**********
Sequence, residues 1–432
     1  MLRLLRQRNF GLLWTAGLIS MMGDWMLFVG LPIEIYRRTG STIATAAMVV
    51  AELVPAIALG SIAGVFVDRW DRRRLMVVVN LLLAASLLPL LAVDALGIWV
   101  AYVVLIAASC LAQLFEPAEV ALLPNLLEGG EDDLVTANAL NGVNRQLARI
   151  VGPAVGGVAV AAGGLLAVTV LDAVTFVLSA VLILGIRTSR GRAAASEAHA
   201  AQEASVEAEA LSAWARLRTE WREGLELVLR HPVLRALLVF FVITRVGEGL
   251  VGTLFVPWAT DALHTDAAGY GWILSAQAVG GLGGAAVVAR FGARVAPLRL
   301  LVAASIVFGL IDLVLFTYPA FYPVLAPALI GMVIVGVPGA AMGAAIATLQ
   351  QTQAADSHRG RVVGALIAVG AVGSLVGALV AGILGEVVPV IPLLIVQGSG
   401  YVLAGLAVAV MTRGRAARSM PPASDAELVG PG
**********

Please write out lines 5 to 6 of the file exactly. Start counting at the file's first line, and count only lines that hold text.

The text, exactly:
   151  VGPAVGGVAV AAGGLLAVTV LDAVTFVLSA VLILGIRTSR GRAAASEAHA
   201  AQEASVEAEA LSAWARLRTE WREGLELVLR HPVLRALLVF FVITRVGEGL